He added that the curfew rules also apply to his younger sister, 21, a pharmacist, who "stays home most of the time and doesn't have many friends".

He feels his father does not love him, and "treats me like a subordinate instead".

Dr Adrian Wang, a consultant psychiatrist at the Gleneagles Medical Centre, said harsh parenting can be harmful if the child already has low self-esteem.

"Constant hammering and telling them they are not good enough can worsen anxiety and make them even more insecure," he said.

Strict parenting and having high standards for your child need to be balanced with love and nurturing, he said.

Mr Nicholas Gabriel Lim, executive director of psychological-services provider iGrow, said regimental parenting might lead to children either becoming very submissive or overly rebellious.

"There is a lot of hurt, resentment and anger within these children, and which they may or may not understand or express appropriately," he said.

Parenting is about preparing the children for the future, where they can be independent people and care for themselves, said Dr Carol Balhetchet, director of youth services at Singapore Children's Society.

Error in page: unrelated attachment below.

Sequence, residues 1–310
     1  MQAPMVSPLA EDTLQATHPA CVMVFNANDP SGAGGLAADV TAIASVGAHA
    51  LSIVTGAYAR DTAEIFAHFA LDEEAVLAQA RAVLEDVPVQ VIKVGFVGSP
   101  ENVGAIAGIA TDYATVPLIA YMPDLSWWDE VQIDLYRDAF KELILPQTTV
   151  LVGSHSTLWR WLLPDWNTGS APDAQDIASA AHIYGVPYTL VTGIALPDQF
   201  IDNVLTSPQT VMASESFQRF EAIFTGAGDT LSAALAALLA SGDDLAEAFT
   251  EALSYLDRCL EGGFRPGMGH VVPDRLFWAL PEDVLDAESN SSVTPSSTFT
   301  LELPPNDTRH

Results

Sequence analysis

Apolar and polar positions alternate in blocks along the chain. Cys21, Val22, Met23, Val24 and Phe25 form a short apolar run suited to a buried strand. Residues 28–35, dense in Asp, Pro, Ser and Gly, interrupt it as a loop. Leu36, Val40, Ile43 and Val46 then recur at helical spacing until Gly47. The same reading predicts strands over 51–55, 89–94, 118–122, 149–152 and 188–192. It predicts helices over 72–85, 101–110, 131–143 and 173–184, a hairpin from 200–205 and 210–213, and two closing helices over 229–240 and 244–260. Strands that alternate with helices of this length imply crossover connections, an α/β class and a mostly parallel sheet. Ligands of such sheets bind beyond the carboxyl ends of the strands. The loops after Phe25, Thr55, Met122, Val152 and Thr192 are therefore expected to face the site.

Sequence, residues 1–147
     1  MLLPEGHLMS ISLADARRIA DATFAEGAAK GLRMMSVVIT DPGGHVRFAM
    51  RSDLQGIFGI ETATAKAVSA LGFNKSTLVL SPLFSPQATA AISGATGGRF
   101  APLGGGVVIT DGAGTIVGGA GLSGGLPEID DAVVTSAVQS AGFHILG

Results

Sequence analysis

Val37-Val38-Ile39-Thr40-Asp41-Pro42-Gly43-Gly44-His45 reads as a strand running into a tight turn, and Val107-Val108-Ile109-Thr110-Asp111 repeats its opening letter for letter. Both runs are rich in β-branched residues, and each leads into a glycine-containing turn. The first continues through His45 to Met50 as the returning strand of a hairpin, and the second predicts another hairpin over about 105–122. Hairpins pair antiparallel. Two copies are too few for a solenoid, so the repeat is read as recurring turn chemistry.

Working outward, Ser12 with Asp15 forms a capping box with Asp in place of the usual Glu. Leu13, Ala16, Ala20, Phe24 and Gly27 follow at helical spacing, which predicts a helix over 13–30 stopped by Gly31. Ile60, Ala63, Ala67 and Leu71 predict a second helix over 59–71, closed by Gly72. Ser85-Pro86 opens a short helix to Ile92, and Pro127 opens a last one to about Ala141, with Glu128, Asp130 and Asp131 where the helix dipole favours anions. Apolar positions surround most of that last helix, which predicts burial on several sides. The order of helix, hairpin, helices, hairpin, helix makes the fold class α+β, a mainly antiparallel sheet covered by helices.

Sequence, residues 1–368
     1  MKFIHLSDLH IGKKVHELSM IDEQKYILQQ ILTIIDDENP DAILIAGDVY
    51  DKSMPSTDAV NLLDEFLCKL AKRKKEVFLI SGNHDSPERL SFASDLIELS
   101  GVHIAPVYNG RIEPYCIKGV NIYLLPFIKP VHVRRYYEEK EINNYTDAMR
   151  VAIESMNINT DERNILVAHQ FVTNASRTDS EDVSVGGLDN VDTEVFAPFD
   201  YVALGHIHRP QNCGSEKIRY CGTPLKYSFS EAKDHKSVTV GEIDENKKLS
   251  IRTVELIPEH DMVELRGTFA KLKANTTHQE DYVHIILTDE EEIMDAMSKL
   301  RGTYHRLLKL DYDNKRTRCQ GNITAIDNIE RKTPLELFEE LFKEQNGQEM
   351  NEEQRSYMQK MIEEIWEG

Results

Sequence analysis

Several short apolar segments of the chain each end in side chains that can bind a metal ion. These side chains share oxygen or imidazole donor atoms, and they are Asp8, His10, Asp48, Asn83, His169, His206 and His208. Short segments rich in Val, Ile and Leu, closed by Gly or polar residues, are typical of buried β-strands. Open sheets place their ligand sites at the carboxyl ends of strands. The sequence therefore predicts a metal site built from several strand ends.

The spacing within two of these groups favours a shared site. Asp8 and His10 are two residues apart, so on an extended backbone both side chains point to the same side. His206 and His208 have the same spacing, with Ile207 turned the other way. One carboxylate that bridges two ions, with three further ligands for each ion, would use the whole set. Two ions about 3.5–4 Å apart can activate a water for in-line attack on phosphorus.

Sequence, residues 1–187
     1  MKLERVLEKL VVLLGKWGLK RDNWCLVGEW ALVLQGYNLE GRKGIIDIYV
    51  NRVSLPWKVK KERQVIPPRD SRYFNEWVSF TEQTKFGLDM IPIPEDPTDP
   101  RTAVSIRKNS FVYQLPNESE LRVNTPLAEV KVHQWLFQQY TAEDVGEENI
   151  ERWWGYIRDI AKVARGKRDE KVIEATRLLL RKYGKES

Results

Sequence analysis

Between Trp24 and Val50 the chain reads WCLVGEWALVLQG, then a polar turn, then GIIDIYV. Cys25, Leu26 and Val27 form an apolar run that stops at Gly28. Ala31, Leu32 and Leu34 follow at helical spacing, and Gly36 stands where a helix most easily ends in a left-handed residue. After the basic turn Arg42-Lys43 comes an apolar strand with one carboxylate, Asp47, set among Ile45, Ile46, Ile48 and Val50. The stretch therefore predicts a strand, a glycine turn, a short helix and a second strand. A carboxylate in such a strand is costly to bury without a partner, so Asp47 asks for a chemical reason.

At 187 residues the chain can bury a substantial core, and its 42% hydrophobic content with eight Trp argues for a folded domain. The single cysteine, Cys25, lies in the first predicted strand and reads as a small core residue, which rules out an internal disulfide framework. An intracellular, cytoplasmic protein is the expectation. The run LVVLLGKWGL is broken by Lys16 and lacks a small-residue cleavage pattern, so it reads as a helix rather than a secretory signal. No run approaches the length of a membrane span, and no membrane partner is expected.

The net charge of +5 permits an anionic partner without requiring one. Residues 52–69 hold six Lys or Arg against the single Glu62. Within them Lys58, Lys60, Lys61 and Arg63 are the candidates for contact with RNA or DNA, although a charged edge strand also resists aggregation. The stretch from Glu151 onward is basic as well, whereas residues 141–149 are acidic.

But children taught to follow authority blindly will not be able to develop their own personality, ideas, and individual wishes and needs, she said.

"Most children want to please their parents and not upset them. So it's sad when parents abuse their position of power to bully their child into obedience," she noted.

my paper polls 25 parents


All 25 disagreed. But they said instilling a sense of excellence and discipline is very important.

Mr Poh Yeang Cherng, 42, a coach and a parent of three kids, said: "There are many different approaches to parenting. It boils down to the child's personality, and the parent's approach should be tailored to the child."


Nine felt that there are parents here who are like her. Teacher Wincy Tsang, 30, said while Prof Chua has "mixed up excellence with perfection", she believes that a mother has to strive for excellence for her kid.

Hence, she thinks that Prof Chua's requirement that her daughters have three hours of piano practice daily and must score A is not that extreme.


Fourteen felt that such methods are outdated.

Civil servant Haslindah Mispan, 51, who has four children aged between 16 and 26, said forcing the child to do something he or she does not want to do could "leave long-lasting, negative effects".

Parents need to "enable the child to think and subsequently decide for himself or herself", she said.


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More stories:

Okay to be kiasu for your kids
To be or not to be a Chinese mother
Hey, Ju, don't be bad
Spare the rod, teach the child
So what if S’pore parents are strict?
Discipline = Rod, love and patience
Gently does it
Strike balance between hard and soft discipline
Caning sends the wrong message
Age-old method instils respect in kids